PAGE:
Factors influencing the gold price
Today, like all investments and commodities, the price of gold is ultimately driven by supply and demand, including hoarding and disposal. Unlike most other commodities, the hoarding and disposal plays a much bigger role in affecting the price, because most of the gold ever mined still exists and is potentially able to come on to the market for the right price. Given the huge quantity of hoarded gold, compared to the annual production, the price of gold is mainly affected by changes in sentiment, rather than changes in annual production.
According to the World Gold Council, annual mine production of gold over the last few years has been close to 2,500 tonnes. About 3,000 tonnes goes into jewelry or industrial/dental production, and around 500 tonnes goes to retail investors and exchange traded gold funds. This translates to an annual demand for gold to be 1000 tonnes in excess over mine production which has come from central bank sales and other disposal.
Central banks and the International Monetary Fund play an important role in the gold price. At the end of 2004 central banks and official organizations held 19 percent of all above-ground gold as official gold reserve. The Washington Agreement on Gold (WAG), which dates from September 1999, limits gold sales by its members (Europe, United States, Japan, Australia, Bank for International Settlements and the International Monetary Fund) to less than 400 tonnes a year. European central banks, such as the Bank of England and Swiss National Bank, have been key sellers of gold over this period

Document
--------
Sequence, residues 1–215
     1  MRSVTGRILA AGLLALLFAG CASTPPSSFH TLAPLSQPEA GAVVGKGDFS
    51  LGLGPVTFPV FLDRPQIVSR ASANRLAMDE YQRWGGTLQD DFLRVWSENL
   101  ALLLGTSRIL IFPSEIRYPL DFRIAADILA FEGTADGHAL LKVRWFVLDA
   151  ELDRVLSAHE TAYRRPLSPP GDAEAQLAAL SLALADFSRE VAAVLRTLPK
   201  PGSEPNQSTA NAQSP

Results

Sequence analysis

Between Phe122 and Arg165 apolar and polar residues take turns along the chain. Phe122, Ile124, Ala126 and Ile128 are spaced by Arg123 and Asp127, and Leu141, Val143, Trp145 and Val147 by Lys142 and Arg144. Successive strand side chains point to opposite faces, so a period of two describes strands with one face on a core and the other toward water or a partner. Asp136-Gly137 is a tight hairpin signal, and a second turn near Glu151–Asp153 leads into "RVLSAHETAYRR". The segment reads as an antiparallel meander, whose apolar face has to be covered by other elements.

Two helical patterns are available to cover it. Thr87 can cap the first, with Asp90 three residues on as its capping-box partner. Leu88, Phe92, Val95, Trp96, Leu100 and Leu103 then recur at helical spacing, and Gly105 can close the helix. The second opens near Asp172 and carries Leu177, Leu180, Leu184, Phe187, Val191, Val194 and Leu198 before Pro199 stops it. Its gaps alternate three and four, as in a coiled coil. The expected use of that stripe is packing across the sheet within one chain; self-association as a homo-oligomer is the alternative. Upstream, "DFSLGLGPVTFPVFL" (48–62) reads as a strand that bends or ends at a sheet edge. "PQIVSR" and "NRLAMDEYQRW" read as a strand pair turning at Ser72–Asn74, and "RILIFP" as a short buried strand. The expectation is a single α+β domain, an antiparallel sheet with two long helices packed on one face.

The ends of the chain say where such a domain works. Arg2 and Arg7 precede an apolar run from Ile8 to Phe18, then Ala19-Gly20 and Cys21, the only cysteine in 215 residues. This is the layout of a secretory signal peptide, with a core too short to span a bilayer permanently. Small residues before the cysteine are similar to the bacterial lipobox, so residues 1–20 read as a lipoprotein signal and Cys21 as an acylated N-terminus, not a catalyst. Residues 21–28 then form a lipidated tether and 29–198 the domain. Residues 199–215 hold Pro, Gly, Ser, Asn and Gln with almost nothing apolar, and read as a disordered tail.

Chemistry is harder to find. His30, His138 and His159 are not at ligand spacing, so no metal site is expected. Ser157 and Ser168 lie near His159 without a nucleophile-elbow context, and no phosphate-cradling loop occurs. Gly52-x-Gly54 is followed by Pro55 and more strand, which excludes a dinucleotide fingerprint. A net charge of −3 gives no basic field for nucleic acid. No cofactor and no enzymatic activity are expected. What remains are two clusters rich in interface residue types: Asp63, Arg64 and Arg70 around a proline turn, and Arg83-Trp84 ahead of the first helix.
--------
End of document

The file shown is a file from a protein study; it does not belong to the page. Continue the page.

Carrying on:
Although central banks do not generally announce gold purchases in advance, some, such as Russia, have expressed interest in growing their gold reserves again as of late 2005. In early 2006, China, which only holds 1.3% of its reserves in gold, announced that it was looking for ways to improve the returns on its official reserves. Many bulls hope that this signals that China might reposition more of its holdings into gold in line with other Central Banks.
In general, gold becomes more desirable in times of:
When dollars were fully convertible into gold, both were regarded as money. However, most people preferred to carry around paper Banknotes rather than the somewhat heavier and less divisible gold coins. If people feared their bank would fail, a bank might have been the result.
Low or negative real interest rates
If the return on bonds, equities and real estate is not adequately compensating for risk and inflation then the demand for gold and other alternative investments such as commodities increases.
War, invasion, looting, crisis
In times of national crisis, people fear that their assets may be seized and that the currency may become worthless. They see gold as a solid asset which will always buy food or transportation. Thus in times of great uncertainty, particularly when war is feared, the demand for gold rises
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